Dighton Town Meeting approves $150,000 for library move to Smith Memorial Hall
Michael J. DeCicco
DIGHTON – Dighton Town Assembly voters have approved a plan to install a new public library in the historic Smith Memorial Hall at 207 Main St. by an “overwhelming” majority of voters.
City administrator Michael Mullen reported that the measure was “overwhelmingly approved by residents at the town hall, by a vote aloud”.
“Everyone seemed very committed to seeing this approved. Everyone seemed very enthusiastic about meeting the community’s long-standing need to rebuild our library operations,” Mullen said.
“It’s a great plan to create a truly amazing public library building.”
Initial costs to move into the historic building, including acquisition and building improvements, are estimated to be approximately $2 million.
The town hall on Monday, June 6 approved $150,000 from the capital stabilization fund to help pay that bill. The city will also use $790,000 from $832,000 from the US Federal Bailout Act (ARPA), rather than city tax money, to help complete the acquisition.
Other large items
In other major items on the town meeting’s terms of reference, the meeting also approved spending $210,000 from community preservation funds to build a new playground in North Dighton, Mullen said with pride.
The $24 million budget for FY23 was also easily approved, as were new regulations for solar power generation facilities.
Calendar of major moves
“But the highlight was the acquisition of 207 Main Street,” Mullen said. “The community has rallied around the need to invest in their community.”
He estimated that it would take two years to move the library to his new home. The acquisition will need to be posted on the Massachusetts Central Registry for 30 days. Then, it is hoped that the closure will take place the week of July 18.
The first priority after these steps, Mullen said, will be the exterior of 207 Main Street, particularly weatherization and work on the ramp and parking lot. These are the items that the $150,000 allocated to the municipal assembly will fund.
In the fall, Mullen said, elected officials will ask the community preservation committee for more funds for interior renovations.
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The city’s 3,000-square-foot Carnegie Library at 395 Main Street, built in 1910, closed to the public in fall 2021 due to building code loopholes and the lack of a safe exit in the event of a ’emergency. City Library Services now occupies the Lower Level Conference Room in the basement of City Hall and a 720 square foot modular building at the parking lot end of the office building.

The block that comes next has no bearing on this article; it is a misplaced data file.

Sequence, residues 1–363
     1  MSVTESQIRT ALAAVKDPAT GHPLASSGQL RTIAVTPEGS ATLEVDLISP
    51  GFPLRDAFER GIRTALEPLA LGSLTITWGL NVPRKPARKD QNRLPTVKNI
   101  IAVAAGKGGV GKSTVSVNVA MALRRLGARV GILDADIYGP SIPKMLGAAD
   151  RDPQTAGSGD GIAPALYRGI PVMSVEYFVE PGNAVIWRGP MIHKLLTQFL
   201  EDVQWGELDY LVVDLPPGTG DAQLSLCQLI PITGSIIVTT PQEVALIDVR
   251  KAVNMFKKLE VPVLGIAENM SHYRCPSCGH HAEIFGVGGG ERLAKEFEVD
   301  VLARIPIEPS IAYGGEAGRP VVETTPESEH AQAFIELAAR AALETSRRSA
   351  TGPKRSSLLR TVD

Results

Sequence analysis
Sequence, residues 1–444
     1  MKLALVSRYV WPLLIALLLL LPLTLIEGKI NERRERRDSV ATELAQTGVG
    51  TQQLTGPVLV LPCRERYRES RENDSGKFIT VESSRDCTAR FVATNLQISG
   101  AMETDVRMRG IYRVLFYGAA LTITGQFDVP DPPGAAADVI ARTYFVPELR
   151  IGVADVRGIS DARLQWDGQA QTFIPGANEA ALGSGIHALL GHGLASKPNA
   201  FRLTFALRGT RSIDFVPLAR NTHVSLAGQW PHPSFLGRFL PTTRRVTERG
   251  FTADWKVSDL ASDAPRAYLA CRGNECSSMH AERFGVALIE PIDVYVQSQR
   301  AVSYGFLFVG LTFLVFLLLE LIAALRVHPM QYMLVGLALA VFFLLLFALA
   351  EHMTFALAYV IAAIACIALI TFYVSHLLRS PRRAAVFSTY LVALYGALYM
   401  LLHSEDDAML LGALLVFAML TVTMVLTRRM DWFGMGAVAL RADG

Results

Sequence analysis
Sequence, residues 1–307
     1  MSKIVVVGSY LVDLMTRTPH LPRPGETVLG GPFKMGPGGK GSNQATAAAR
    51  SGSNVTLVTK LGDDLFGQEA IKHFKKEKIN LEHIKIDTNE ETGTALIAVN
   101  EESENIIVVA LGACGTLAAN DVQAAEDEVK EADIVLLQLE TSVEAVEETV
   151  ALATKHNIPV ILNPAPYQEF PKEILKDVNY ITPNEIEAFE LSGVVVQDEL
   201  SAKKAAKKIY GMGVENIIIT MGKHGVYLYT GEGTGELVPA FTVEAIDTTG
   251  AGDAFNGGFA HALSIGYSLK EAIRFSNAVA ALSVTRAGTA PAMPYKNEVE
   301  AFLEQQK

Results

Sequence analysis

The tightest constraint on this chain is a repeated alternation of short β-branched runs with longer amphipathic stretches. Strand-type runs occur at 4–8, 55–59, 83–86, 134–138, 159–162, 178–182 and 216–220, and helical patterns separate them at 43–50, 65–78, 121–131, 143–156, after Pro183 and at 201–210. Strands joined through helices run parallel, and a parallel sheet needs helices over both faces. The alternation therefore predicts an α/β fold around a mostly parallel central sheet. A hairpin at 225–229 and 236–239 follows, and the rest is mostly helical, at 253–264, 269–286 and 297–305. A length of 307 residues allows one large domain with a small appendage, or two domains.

Only a fraction of the collection fits in a temporary location
Youth Services Librarian Lorie Van Hook previously told the Taunton Daily Gazette that she would welcome a new home.
“I can’t wait to have a place where kids can really cruise again and teenagers can hang out again,” she said.
The Van Hook department now occupies a single room in the basement of the town hall.
Fifteen to 20 percent of the library’s children’s and teen collection is stored at City Hall, while the remainder remains housed at the Carnegie location. The modular parking lot unit contains less than 10% of the library’s adult collection, while the rest of these books and periodicals remain at Carnegie. But the staff regularly rotates which titles are where and will deliver any title requested by a customer to the town hall.
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“We try to make it all as accessible as possible,” Van Hook said, noting that she still hosts weekly Story Times and Tot Times for kids under 3. But it’s not the same as at Carnegie, she said. What used to be 15 to 18 young people per event now averages five to eight young participants. The move did not increase its programming or storage space.
Cramped neighborhoods and COVID distancing at odds
Library manager Jocelyn Tavares explained that since the move it has been difficult to manage two locations. But it would have been much more difficult to reopen the Carnegie Library after the advent of COVID. City officials struggled to decide how to reopen a building with limited space under new COVID protocols, she said. In the end, the decision to close it to the public was the best one to make.
“I can’t wait to have a separate teen bedroom, which we haven’t had in over a decade. It will be exciting to get all of our systems in place and running in a new location,” Tavares said previously.
A new use for a historic property
A new location is exactly what the city authorities have in mind.
Late last year, Selectmen and other city officials identified an opportunity to acquire 207 Main St., the “Father’s House Family Church” property where Smith Memorial Hall was built in 1889.
Mullen said the selectors entered into a buy-and-sell agreement with the owner in hopes of finding a cost-effective solution to meet the needs of the city library without affecting the local tax rate, at a fraction the cost of the previously proposed $8 million addition. at the current library, he says.
The move to Smith Memorial Hall also allows the city “to preserve a valuable historic property located near the Wild & Scenic Taunton River,” he said.
A recent presentation by project designer Joseph Shea of Granite City Partners Real Estate noted that 207 Main St. measures a total of 9,014 square feet over two floors, compared to just 3,000 square feet for the Carnegie Building. And that’s not counting the potential future programming spaces in the basement.
The building is already fire alarm compliant and partially ADA compliant. It sits on a 34,848 square foot site that includes over 60 parking spaces. Its designer Alfred Smith also designed the town hall in Newport, RI.